Public service

The civil service marked the term of the Turnbach board

Terrance Turnbach (Campaign photo)

TOMS RIVER – There are groups of people in the county who are helping the homeless or others in need, and they all know former city councilor Terrence Turnbach.

The Democrat served a term on city council before losing to Republican newcomer David Ciccozzi in November. Toms River is divided into four wards, with one council member each. They live in Ward 4.

“I certainly fell in love with the public service,” said Turnbach, reflecting on his tenure.

When you are elected, people ask for your help, so the opportunities to serve others open up a bit. He said he would continue to help others even though he is no longer an elected official.

Turnbach helped find a homeless shelter in Riverwood Park and said he would continue to work to provide them with year-round housing.

“I believe we will secure a transitional housing center all year round. That was my goal and it is an unfinished business, ”he said. “I’m as passionate about it now as I was before. “

Turnbach spent a winter night in a tent near the town hall to draw attention to the plight of the homeless. He was the guest of MP Gregory McGuckin in Trenton when state law changed the ruling on how Code Blue works. The state opened temporary shelters once the temperature reached freezing point, but only if there was rainfall. The temperature could be a little below freezing and the shelters would not open if the weather was dry. Toms River has changed its local ordinance to open Riverwood to temperatures just above zero regardless of the weather. The rest of the state followed suit.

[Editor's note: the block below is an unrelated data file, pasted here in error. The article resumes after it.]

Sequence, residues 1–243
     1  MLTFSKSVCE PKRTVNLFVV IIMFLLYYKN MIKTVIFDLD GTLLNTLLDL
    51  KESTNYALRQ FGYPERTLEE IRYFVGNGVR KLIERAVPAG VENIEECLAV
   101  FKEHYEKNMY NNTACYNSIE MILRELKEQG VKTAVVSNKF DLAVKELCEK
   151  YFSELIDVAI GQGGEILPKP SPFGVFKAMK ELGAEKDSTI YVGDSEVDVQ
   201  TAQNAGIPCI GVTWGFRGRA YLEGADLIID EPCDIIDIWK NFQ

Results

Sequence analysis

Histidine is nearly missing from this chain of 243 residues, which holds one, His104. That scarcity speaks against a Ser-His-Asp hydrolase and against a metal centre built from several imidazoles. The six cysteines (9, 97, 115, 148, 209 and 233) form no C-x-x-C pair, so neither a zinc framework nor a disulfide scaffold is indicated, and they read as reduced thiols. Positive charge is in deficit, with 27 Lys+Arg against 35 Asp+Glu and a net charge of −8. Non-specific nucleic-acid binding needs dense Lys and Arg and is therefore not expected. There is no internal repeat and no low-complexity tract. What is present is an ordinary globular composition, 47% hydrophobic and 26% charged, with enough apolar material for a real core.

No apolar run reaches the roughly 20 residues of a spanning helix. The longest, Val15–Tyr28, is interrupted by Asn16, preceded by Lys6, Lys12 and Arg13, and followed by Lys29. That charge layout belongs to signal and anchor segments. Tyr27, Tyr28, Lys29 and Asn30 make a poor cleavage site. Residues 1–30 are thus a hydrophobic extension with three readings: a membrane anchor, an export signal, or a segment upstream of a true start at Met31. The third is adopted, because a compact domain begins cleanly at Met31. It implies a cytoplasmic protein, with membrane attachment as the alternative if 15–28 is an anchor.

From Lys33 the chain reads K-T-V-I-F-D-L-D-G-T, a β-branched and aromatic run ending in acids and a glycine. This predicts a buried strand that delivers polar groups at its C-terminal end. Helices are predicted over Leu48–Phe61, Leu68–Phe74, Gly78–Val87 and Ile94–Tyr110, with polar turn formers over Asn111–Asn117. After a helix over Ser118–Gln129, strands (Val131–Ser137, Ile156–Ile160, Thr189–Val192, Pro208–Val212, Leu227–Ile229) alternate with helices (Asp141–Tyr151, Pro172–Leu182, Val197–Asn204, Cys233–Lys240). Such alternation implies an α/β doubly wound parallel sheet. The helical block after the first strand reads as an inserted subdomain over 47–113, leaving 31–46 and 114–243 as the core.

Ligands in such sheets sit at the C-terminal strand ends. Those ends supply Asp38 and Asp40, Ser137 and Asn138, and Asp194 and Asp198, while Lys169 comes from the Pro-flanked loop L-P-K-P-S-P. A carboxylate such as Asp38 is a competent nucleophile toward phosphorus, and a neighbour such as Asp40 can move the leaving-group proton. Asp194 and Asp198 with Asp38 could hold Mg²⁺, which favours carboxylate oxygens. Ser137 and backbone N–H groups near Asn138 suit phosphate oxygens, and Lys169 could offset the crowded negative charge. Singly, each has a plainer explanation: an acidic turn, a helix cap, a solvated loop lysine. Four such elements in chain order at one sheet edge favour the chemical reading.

“It’s Pop The Trunk week 93 and I’ve been there every week,” he said, referring to the food giveaways that are being held every Friday in response to the pandemic. People have come from all over Ocean County – not just from Toms River, “and I don’t see the need to stop.

“It really brought the community together. We have become a family of volunteers, ”he said.

Helping others means, in part, reaching the other side of the aisle. Turnbach was one of two Democrats on the board for much of his tenure.

“Mo Hill gets up every day to go to work for the people of Toms River,” he said of the Republican mayor. “We can differ the views sometimes, but he’s standing right next to me handing out food. “

Turnbach said that although his term on the board has ended for the time being, he does not wish to stray from politics at this time. The 45-year-old said he has a lot of time and a lot of desire to help people both as a citizen and as a politician.